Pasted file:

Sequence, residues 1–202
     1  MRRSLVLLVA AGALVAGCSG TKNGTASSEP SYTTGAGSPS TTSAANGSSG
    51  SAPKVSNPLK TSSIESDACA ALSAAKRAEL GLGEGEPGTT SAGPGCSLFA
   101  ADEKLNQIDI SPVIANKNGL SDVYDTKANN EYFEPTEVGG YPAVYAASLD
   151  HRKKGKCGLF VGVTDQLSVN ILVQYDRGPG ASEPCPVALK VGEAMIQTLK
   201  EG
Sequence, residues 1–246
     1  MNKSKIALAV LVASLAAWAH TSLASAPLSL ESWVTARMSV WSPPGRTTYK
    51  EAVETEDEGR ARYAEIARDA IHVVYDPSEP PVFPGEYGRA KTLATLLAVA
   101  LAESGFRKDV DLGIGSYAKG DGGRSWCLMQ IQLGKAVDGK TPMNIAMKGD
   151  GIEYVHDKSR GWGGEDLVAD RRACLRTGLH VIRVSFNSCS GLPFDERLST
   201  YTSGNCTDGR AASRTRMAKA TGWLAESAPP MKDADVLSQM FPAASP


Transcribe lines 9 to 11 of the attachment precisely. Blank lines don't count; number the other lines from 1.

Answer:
    51  EAVETEDEGR ARYAEIARDA IHVVYDPSEP PVFPGEYGRA KTLATLLAVA
   101  LAESGFRKDV DLGIGSYAKG DGGRSWCLMQ IQLGKAVDGK TPMNIAMKGD
   151  GIEYVHDKSR GWGGEDLVAD RRACLRTGLH VIRVSFNSCS GLPFDERLST